Arista acquired Mojo for its machine learning and big data platform. The Cognitive WiFi system tracks more than 300 key performance indicators, Gartner said in its latest Magic Quadrant for the Wired and Wireless LAN Access Infrastructure. The research firm listed Mist and Mojo in the visionary quadrant of the report.

As a campus network supplier, Arista needed more than just technology for the wired LAN, Arista CEO Jayshree Ullal told financial analysts during a recent conference call. That’s because a growing number of Arista customers are turning to Wi-Fi as it approaches multigigabit speeds.

“What we bought Mojo for was their Wi-Fi, their Cognitive WiFi, and the software capabilities associated with the access points [Mojo provides],” Ullal told analysts, according to a transcript on the financial site Seeking Alpha.

Arista plans to  merge Mojo technology with its CloudVision network management software that combines cloud computing, big data and machine learning. The product collects and archives network state and runs a suite of applications against the data to provide visibility, automate the deployment of network components, and analyze and report on incidents.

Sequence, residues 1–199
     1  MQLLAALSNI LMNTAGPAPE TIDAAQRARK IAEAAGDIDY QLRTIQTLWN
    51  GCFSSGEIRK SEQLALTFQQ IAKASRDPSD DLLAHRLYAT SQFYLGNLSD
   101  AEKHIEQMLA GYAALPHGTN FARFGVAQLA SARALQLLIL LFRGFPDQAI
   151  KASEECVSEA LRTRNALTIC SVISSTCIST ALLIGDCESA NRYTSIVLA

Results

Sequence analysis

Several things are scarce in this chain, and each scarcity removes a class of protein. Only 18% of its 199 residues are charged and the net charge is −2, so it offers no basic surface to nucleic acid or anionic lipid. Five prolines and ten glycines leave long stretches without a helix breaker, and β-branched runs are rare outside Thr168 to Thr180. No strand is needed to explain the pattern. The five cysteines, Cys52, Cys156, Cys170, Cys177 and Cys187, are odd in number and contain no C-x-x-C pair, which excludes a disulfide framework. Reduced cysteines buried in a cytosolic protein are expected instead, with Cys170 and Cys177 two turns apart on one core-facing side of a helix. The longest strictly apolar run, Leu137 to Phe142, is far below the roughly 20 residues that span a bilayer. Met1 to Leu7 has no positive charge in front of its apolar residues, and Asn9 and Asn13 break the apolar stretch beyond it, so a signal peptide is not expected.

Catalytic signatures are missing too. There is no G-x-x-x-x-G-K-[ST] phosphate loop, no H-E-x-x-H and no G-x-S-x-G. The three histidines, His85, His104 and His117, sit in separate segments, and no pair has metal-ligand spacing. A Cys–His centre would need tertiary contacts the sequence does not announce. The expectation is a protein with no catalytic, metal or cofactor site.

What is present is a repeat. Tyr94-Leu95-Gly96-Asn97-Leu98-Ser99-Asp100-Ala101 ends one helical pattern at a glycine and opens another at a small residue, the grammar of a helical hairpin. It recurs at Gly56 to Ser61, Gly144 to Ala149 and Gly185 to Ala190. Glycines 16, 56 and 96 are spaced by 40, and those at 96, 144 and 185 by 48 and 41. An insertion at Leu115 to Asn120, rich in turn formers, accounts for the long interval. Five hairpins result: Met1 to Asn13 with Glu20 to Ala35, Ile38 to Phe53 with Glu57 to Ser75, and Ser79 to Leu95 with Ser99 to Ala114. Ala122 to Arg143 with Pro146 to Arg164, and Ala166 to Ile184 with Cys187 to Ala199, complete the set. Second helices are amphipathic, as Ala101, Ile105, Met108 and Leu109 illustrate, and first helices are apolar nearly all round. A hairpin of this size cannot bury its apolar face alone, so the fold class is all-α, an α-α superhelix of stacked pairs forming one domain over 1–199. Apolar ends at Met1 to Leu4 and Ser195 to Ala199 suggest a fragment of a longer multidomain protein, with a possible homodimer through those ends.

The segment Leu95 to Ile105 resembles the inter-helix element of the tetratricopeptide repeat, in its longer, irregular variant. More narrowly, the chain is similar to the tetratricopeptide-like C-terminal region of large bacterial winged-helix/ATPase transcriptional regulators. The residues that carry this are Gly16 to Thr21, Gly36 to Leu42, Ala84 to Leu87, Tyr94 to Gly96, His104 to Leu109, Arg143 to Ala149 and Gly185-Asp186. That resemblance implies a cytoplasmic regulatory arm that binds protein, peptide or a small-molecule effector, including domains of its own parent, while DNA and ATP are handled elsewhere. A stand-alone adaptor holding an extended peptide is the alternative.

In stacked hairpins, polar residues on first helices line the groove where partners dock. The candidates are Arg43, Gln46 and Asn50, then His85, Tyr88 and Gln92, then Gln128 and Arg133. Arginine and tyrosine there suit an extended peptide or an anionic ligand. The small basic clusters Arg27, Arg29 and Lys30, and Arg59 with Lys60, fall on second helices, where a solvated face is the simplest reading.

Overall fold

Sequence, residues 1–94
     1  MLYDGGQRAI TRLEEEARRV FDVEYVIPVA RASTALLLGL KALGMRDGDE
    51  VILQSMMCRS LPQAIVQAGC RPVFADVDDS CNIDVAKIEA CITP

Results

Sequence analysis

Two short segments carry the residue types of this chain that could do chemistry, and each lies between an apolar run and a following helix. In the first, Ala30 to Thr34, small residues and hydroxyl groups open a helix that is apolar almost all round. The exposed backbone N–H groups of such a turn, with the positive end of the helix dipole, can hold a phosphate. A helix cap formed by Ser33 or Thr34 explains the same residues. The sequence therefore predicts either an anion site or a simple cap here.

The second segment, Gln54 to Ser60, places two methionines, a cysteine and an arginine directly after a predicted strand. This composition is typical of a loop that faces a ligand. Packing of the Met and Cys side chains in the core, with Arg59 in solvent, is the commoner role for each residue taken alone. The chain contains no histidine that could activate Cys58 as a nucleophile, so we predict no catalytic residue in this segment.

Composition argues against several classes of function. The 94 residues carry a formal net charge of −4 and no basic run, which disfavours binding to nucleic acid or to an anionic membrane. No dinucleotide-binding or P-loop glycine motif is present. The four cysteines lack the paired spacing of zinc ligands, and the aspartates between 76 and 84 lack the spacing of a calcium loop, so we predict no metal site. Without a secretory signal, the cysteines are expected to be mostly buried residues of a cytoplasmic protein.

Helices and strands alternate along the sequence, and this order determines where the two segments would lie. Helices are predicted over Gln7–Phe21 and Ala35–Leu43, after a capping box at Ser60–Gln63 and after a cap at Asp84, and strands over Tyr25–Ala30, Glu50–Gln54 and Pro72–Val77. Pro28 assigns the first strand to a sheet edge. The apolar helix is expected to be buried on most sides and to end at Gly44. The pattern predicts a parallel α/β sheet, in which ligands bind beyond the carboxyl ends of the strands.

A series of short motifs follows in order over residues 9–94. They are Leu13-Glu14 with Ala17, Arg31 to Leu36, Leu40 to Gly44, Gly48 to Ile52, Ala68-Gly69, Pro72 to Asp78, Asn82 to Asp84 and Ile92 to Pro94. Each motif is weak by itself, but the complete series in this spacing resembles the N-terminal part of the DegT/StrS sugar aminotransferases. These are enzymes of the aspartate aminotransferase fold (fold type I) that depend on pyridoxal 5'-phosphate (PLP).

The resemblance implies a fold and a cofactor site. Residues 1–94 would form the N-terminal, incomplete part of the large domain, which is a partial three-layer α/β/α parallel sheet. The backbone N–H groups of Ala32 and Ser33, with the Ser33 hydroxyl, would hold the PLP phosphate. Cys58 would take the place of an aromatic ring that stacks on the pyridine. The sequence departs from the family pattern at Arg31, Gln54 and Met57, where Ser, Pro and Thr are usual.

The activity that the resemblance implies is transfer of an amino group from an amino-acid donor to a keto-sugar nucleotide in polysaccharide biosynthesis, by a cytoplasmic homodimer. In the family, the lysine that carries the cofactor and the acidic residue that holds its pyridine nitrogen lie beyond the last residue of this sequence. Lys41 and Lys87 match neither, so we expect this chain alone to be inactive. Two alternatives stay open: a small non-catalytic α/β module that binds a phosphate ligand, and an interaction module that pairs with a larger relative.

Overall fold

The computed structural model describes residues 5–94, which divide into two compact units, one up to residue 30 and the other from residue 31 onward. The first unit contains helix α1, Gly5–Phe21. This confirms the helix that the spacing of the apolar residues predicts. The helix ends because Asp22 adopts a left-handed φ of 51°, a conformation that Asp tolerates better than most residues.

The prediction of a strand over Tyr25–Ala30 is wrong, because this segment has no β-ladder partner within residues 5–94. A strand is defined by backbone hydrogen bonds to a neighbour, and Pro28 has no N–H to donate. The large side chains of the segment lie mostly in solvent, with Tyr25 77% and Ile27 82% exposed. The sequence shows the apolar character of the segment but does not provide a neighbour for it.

Juniper boosting performance of SRX5000 firewall for IoT, 5G

Juniper Networks has introduced a security acceleration card that boosts the performance of the company’s SRX5000 line of firewalls to future-proof the data centers of service providers, cloud providers and large enterprises.

Juniper designed the services processing card, SPC3, for organizations anticipating large data flows from upcoming multi-cloud, internet-of-things and 5G applications. Besides meeting future demand, the SPC3 can also accommodate current traffic increases due to video conferencing, media streaming and other data-intensive applications.